Scouting Location Pros and Cons

 

Fine Art Conceptual Photography from Shoot through Post-Processing

 

Lesson Info

Scouting Location Pros and Cons

I hear this is gonna be exciting cause a lot of people are waiting for this. We started with on shoot location and lets start it up. Lets tell them what's coming up next. Yeah, so the first thing we did was location scout. And that's the video that you're gonna see right now. It has to be said that I don't often, like I said before, I don't often have opportunities to shoot in a location as opulent and as beautiful as this one was. We had loads of flowers, lots of abundance of natural life, that we could just kinda like, shoot in. So loads of different types of foliage, trees, options. I don't often have that in my daily life, as you know, I just use whatever I have around me. Make that work. So, when we were doing this, I had to be really specific about what I was after. And I had in mind two dresses. And we were just gonna look for locations depending on the dresses. And you'll see what happened. Hey guys, so we're here at Washington Park on Rue where we are gonna be shooting later...

today. I am so, so excited. So the first thing I like to do is location scout. Now, I'm really lucky to be shooting in a park like this. It's not often that I shoot in somewhere so beautiful and so opulent. So the choices that I have are abundant. So we're gonna have a look at this location cause when I was walking I saw it and I thought it was really, really pretty. So, this tree is so beautiful. It's blooming, the colors are white and neutral toned. It could potentially work. So the dress I had in mind is a red dress and that's pretty much the concept that I'm gonna use to, that's basically what I'm gonna use to build up the rest of the photo. So, it's beautiful because the color is white and it's neutral toned. I'm not sure if it's going to work with the concept. Lets have a look. At the moment, this is the kind of framing that I really like because, I like to shoot, I like to give myself options, but I like to shoot something where we've got the mono shot framed from the waist to the head and basically this could work, but there's too much of a gap here. So I could potentially bring this bit over using a bit of string. But I don't know if it would work because we are shooting it in a park after all and I have to be a bit respectful of the nature that I'm working within, so I think the gap here might be a little bit too much. Another thing as well that I'm trying to take into account if the fact that the lighting conditions as well. Right now I know that it's a little bit cloudy, but when the sun comes out, the sun is going to be over here and that's not gonna work with where the models going to be standing. So yeah, that's pretty much it. Those are my concerns. The color might now work well with the vibrant red that I have in mind, the gap is a problem and the lighting is something that I'm trying to really be conscious of because lighting really makes the picture. So yeah, that's one of the options. And I'm gonna show you guys another option as well that can work for a location as well. Lets go. So this is another location. It's beautiful, I absolutely love it. There's a few things about this place that I think would work really well when it comes to story telling image. It's not quite what I'm looking for when it comes to the photo that I have in mind. But what I will do is show you guys a few of the things that I really like about it. So the first thing is this path over here. Isn't it lovely? Like can we take a moment to appreciate this scene? It's so beautiful. But yeah, I love, love, love having paths in photographs and that's because they are really story telling to me. Cause you can have a girl in there, or a guy, and they can be off on a journey. Or they're coming back from a journey. Or where are they going? It's all very mysterious. And I think that's something that really draws me when it comes to photo. Another thing is is to consider the framing of it because a path can also, you can use it in a, you can use it in a photo to really frame the final photo and you can just lead the viewer into the picture as well, depending on where you're standing and how you're shooting it. Another thing, the trees. So I love texture in my photographs and these trees have so much beautiful texture and they just seem so romantic as well. I can imagine this scene shot first thing in the morning the lights coming out, or maybe sunset hour, that magic hour and all the lights are flooding into the scene. But yeah, even at this time of day it's really pretty. But not quite what I'm looking for. What else? Yes, the light, totally forgot to mention. So, I'm always, always, always looking at light and how it works in a photo. Especially when it comes to location scouting. This is the time when you really should be paying attention to where the light is coming from. In this case it's coming from over there so if I had the model in a scene she'll be standing in the middle and the light would just be hitting her from the side. So most likely I'd have her turned away facing that way so that the light hits beautifully across her face. But, it's beautiful, but not quite what I'm looking for. So I'm gonna go a little bit further and hopefully we'll find something that works. So I actually spotted this when I was over there and I love it. The colors are so pretty. This works with the kinda of picture I have in mind anyway so basically I have a red dress I really have been trying to pull the rest of the picture around. So I saw this when I was standing there and I thought it looked really pretty. So I'm gonna see how well it works. So the first thing I'm gonna notice is the fact that it's quite full, the flowers are really thick, and that's right up my street cause it means less Photoshopping. Secondly, I think there should be a gap here. Yeah, okay. So there's actually two plants coming out. There's one over there and one over there and this wraps around beautifully. So I should think this might work really well cause I can put the model in here. Like she can just step into the scene. I can wrap this around her and make it work. The light, as I mentioned, is over here. So I think that would still work really well especially if we had a reflector on this side to bounce some of it back as well. I love the fact that it goes further back. So that gives you depth in the photograph, like, if I have her stand here, then there's more things happening behind her filling the frame not all locations are perfect so you really have to work with what you've got. And honestly I've been quite spoiled over here. Because, because of this. In my final picture most likely what I would do is take some of this area and bring it here. It post processing and Photoshop. Just to fill it out a bit more because I notice there's a gap over here. But essentially, essentially I think this works. I think this works really well. And I like some of the greenery down here as well if I decided to go for a full shot. But I love it, I think it works really well and actually with the red dress and the red flowers, I already have an idea churning for a really striking picture. So, very, very excited and I think this is the location that we're gonna go for. Okay, what did you think? I thought it was great. Oh brilliant. I'm not biased or anything. (laughing) What did you think about that? Yeah, that was really interesting. I wanna ask you guys though, do you have any questions? So I noticed Bella that you were looking at multiple locations. Would you ever consider shooting in two or three locations for the one dress? Yeah, yeah I would. If I had the time, definitely. If I had the time there was another spot as well which had a blossom tree. And the flowers were white. So maybe the white against the red would have been another picture and another striking picture as well. I felt that the red bush with the red dress was a stronger photo, and that's why we went with that. But yeah, sometimes, if I had the time and if I love a piece so much, I will shoot in multiple locations with it. Because why not? But often I don't have the time and yeah, some day's I just fell like I got as much out of it from this dress as I could, and then we move on. So, yeah. You were talking about the secret. You know how you were saying you wish things that would come and you felt like the dress matched perfectly with the scene. That was actually accidental. It wasn't that we purposely were looking for a red bush. We found it just because you were wishing for it, right? Yeah, and I honestly think it's important. It's so important to ask the universe for what you want. I feel this happens to me all the time, at photo shoots. I will go out there not really knowing what I'm gonna find and I'll have an idea of what I wanna create. And often I'll exceed my own expectations. And that's because everything lined up perfectly. For example, for this pre shoot, it was supposed to be a sunny day. Like a partly sunny day, and the sunshine was supposed to happen, but actually I really wanted a cloudy day, so I was like please, please let it be a cloudy day. But no rain, but a cloudy day. And we got it, yeah we got a cloudy day initially and then we got some sunshine later. But then luckily the spot I picked the sunlight, it was in the shade, and the sunlight was actually at the back. So it didn't matter anyway. Would you have considered the other location if for any other reason? Probably lighting. If the lighting didn't work here, then I had a back up location. So if the lighting didn't work here on the actual day, then I would have been like guys, it's not working. And I would have said that. I love this location, but it's not working. We're gonna have to find another spot. And that's probably what we would have done. What is your optimal lighting, cause you've mentioned lighting a couple of times, and I'd just like to know what you prefer most for your lighting set up, natural light. Great, I'm so glad you said that. Clouds, yeah. (laughing) And it's really funny cause I hated cloudy days, with a passion, especially when you live in England. You get gray cloudy days all the time. But I feel like, shooting outside a lot has definitely woken up a new found appreciation for the beauty of diffused light. So on cloudy days, what happens is the sun is still shining above them, and so all the light it spills out on to us, is very soft and diffused and even toned. So, really, it's sometimes it's difficult especially when the clouds are low, heavy, and gray to shoot in those conditions because when the model is looking at you straight on there's a lot of hooded shadows. But even then, if you just tilt the chin up the light spills really beautifully across the face. And a really even toned, naturalistic way. And that's ideal. And directionally, side light, always Yeah, you're gonna see that. So, ideally it doesn't really matter. It just depends on what you're looking for. So directionally, I guess it doesn't really matter. As long as you know where the main source of that light is coming from. And when we get to the shoot video you're gonna see all those details come to play as well. Yeah.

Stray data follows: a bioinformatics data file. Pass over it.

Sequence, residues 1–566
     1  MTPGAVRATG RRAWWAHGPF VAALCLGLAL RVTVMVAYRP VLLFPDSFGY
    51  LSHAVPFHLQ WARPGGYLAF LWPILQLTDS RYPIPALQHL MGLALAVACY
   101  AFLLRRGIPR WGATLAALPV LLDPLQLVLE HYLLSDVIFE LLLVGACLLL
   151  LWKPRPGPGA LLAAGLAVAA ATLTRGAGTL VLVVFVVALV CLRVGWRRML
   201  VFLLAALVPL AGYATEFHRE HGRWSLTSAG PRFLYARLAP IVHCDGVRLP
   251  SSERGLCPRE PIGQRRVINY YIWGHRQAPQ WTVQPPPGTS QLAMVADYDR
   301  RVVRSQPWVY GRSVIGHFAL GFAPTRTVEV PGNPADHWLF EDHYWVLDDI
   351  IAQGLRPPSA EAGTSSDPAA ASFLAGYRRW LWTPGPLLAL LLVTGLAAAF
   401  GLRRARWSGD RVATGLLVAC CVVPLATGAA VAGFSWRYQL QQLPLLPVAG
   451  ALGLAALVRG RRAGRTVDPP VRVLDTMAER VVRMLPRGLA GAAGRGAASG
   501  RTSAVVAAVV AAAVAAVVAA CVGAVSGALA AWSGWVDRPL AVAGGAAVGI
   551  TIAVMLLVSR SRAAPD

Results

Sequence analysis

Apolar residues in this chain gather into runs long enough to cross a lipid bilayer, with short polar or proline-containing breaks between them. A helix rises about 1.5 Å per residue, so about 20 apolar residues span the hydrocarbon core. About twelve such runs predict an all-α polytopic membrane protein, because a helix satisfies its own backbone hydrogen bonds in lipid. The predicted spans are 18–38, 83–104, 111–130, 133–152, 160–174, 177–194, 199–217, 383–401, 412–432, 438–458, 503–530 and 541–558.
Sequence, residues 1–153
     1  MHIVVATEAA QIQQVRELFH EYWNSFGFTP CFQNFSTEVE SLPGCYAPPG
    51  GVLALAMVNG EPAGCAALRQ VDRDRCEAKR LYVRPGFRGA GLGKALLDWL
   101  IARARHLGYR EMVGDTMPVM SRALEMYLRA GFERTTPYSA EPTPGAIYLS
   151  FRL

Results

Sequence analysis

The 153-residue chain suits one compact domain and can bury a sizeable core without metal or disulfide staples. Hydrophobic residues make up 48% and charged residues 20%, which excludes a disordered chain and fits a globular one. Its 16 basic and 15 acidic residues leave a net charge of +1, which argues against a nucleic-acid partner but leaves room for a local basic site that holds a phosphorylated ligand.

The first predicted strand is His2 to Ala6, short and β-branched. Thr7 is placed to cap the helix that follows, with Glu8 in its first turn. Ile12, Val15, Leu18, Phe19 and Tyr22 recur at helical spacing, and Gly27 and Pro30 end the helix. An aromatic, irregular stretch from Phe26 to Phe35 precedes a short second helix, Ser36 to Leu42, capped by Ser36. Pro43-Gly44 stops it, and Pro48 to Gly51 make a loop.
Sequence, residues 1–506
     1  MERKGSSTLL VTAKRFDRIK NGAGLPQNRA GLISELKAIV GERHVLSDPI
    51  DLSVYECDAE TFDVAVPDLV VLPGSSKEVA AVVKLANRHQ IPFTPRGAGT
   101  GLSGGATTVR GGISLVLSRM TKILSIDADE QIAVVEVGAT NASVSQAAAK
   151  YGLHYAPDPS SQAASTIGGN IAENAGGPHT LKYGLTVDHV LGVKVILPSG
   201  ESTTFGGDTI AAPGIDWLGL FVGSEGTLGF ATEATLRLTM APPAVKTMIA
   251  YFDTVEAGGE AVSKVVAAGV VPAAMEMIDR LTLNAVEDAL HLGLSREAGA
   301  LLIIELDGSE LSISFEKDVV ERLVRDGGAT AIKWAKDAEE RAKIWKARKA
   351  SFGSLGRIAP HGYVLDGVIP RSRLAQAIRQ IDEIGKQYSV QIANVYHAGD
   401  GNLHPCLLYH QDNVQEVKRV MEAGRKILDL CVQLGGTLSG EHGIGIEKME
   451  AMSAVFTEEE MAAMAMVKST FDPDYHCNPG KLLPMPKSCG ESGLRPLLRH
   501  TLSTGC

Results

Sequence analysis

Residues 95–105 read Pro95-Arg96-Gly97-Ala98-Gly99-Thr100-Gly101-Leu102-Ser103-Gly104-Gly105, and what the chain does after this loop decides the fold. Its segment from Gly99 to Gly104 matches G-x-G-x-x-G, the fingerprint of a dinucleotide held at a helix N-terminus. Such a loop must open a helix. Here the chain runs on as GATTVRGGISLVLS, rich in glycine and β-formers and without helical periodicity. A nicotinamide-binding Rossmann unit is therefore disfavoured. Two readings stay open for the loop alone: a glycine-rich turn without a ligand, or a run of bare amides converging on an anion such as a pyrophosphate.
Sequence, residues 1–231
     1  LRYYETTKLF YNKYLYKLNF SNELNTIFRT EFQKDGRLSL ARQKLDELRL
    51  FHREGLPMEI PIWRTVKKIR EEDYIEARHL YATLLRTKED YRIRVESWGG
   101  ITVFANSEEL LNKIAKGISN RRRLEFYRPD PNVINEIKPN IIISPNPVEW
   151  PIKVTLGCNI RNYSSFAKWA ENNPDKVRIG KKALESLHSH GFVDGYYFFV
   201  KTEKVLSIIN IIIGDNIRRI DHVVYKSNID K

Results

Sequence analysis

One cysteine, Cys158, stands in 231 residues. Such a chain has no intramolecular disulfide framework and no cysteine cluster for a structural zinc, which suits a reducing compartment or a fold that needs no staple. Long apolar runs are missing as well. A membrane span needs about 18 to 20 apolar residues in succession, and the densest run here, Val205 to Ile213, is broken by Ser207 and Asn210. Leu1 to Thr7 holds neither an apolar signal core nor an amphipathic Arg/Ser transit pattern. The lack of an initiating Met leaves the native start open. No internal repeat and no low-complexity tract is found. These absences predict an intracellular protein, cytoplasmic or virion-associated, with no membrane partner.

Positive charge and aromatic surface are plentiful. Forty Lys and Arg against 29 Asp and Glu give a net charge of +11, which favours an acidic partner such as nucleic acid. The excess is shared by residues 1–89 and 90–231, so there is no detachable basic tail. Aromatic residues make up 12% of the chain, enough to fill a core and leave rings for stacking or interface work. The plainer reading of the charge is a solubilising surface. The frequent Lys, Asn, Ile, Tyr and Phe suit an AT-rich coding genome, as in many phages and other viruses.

Class Description

It’s one thing to have a creative imagination but bringing your visions to life requires a specific skillset. You need to understand the technical challenges facing you to move from concept to planning production and finalizing your image. The amazingly talented duo of Bella Kotak and Pratik Naik will walk through every detail to creating your conceptual vision. Bella will help you understand how to evaluate locations and environment, pose your model, see color in a new way, and create beautiful props on a budget. Pratik will share his vast knowledge of color theory, color toning, and compositing images to streamline your retouching workflow. This class will offer an in-depth look at creative production and retouching process. 


You’ll learn: 
  • How to concept and develop a scene
  • Color theory and how it applies in camera and in post production
  • Location practices to guide your eye toward beauty in common environments
  • Communication tactics for collaborating with other artists
  • Lighting techniques for composite images and fine art portraits
  • Basic retouching of an image
  • Color toning techniques in Capture One
  • Compositing techniques for bringing an image together